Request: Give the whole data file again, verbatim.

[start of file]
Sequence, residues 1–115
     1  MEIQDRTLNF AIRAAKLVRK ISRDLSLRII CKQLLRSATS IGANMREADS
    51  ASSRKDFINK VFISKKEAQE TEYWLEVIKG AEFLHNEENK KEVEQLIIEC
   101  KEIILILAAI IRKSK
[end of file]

Sequence, residues 1–115
     1  MEIQDRTLNF AIRAAKLVRK ISRDLSLRII CKQLLRSATS IGANMREADS
    51  ASSRKDFINK VFISKKEAQE TEYWLEVIKG AEFLHNEENK KEVEQLIIEC
   101  KEIILILAAI IRKSK